Every woman experiences vaginal discharge to some extent throughout her life, whether it’s during sex, during ovulation or during first trimester of pregnancy. While the amount of discharge is not necessarily concerning, the presence of a bad odor, abnormal color or genital discomfort usually indicate that you have an infection. In order to avoid wrongly diagnosing the underlying cause of the discharge, you need to understand how your body works, and what role vaginal mucus really plays.
In this article, we are talking about when vaginal discharge is normal and when not, and how to track the changes that it suffers throughout your menstrual cycle.
What Is Normal Vaginal Discharge Supposed to Look Like?
Vaginal discharge (or cervical mucus) refers to the fluid produced by glands inside of your vagina and cervix, which is usually made up of dead cells and bacteria living in the vaginal flora. The role of this fluid is keeping your vagina clean and healthy and preventing bacteria or other organisms from traveling up to your uterus. The amount of vaginal discharge varies from woman to woman and depends on a couple of factors – for example, pregnant women experience a lot more discharge due to hormonal changes, but non-pregnant women may also experience lots of discharge during ovulation. On average, the vagina produces about one teaspoon of discharge per day.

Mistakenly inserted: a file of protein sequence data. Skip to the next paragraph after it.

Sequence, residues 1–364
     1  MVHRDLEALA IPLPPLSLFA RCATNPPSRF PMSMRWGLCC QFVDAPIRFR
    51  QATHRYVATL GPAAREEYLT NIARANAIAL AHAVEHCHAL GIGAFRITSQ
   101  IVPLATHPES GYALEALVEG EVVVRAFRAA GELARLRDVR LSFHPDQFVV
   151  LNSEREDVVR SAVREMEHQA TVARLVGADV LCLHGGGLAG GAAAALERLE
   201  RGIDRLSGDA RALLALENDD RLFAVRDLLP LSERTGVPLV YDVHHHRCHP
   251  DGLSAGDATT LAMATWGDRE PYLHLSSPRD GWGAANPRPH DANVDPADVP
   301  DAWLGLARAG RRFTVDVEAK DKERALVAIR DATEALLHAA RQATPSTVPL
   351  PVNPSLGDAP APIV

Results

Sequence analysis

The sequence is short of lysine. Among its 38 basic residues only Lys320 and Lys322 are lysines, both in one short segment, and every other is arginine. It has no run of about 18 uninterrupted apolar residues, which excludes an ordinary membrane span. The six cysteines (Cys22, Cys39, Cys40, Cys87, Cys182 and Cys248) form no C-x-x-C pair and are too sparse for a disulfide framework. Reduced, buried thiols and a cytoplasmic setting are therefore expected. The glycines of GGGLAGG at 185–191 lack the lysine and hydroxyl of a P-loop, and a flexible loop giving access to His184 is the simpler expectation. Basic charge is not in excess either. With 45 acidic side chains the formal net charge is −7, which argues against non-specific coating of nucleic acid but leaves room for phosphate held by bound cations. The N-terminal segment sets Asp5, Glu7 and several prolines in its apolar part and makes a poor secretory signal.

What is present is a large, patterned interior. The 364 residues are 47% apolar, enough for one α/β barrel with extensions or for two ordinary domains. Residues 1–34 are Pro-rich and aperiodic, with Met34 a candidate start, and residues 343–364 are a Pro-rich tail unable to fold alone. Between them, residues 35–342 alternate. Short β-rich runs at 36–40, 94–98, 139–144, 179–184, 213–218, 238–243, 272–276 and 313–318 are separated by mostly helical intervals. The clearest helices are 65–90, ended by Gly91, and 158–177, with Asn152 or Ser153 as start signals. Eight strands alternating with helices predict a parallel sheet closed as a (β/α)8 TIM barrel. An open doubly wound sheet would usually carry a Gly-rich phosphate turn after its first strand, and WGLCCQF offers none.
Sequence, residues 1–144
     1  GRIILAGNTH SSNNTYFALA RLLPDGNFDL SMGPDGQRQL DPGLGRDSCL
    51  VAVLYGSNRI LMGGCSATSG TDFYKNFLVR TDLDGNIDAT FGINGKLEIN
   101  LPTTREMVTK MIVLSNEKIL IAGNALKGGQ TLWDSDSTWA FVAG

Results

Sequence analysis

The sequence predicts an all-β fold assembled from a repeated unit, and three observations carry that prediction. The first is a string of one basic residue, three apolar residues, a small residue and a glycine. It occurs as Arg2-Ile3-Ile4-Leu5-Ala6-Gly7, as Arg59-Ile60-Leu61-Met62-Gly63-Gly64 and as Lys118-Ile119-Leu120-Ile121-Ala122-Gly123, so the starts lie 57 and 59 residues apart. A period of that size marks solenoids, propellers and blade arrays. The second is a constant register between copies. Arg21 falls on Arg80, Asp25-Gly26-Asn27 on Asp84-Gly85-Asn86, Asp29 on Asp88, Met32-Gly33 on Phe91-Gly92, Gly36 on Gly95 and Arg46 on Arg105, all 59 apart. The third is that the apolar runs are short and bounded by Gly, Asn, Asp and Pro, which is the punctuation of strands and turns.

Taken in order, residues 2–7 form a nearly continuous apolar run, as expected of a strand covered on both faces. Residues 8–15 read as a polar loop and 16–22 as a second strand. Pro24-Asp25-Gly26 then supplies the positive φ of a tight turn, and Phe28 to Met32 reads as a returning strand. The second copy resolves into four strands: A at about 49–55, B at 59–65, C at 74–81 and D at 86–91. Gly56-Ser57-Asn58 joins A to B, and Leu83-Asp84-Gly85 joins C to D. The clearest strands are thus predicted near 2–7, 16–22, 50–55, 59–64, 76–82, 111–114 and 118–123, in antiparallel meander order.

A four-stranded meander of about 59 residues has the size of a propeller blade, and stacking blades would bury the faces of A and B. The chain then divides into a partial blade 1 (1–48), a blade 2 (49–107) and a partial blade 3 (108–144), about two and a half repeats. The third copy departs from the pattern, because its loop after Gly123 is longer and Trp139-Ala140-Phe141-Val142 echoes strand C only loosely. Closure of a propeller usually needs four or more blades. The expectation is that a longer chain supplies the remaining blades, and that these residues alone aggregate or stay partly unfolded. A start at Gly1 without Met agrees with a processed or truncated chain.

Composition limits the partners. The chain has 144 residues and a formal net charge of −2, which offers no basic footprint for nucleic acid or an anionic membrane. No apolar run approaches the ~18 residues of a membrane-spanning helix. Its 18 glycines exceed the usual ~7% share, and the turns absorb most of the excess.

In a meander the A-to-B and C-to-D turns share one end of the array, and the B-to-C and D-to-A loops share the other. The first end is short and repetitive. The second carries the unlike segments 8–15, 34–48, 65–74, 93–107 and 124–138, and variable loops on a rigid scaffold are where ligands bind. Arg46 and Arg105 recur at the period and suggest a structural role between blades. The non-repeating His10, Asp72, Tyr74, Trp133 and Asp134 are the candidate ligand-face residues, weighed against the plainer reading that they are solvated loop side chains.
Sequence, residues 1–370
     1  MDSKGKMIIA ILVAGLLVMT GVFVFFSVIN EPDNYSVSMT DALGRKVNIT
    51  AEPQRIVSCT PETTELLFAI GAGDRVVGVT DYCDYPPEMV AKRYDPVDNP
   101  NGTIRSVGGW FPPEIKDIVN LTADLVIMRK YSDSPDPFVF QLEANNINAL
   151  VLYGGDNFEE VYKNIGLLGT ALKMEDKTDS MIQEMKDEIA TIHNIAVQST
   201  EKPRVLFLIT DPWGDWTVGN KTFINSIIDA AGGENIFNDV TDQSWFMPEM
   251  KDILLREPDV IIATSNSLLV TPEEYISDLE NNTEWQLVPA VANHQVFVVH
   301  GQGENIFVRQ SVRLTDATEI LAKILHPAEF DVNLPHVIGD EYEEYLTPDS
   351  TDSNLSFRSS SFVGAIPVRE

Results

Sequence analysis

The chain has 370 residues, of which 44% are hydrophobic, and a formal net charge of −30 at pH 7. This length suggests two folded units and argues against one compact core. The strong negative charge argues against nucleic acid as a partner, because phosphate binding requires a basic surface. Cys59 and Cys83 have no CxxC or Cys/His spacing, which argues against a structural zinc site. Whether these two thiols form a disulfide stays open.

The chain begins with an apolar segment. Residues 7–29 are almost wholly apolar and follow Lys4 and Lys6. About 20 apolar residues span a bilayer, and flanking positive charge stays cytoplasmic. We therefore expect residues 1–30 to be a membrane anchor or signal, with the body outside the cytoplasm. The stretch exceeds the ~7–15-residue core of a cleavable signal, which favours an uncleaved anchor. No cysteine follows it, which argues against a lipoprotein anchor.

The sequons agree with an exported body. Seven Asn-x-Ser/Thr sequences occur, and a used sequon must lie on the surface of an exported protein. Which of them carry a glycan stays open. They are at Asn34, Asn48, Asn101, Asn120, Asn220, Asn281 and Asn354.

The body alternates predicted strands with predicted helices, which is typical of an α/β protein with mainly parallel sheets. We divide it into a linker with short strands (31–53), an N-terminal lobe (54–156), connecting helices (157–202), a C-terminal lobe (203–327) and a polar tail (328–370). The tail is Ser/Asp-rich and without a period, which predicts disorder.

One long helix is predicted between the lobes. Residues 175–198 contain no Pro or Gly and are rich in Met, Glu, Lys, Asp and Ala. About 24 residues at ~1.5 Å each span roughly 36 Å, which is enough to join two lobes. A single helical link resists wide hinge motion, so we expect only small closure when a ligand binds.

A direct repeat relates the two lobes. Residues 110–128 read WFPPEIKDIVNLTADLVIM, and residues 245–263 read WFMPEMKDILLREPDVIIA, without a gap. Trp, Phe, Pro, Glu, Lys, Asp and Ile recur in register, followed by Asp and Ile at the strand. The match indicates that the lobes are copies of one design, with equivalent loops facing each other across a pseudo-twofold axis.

Normal discharge is usually clear or whitish, and its consistency usually ranges from clumpy to uncooked egg white to watery depending on the time in your menstrual cycle. Normally, the discharge shouldn’t bear any odor although it may sometimes smell a bit musky, and it shouldn’t be accompanied by any itching, swelling, redness, burning or pain.
How Does Your Menstrual Cycle Affect Vaginal Discharge?
As already mentioned, the hue, consistency and amount of vaginal mucus are largely influenced by the time in your menstrual cycle. At certain times of the cycle, your body produces more estrogen, which causes your vagina to produce more discharge. Below we have highlighted the types of discharge you should expect to see from the time your period ends to the time your next period starts.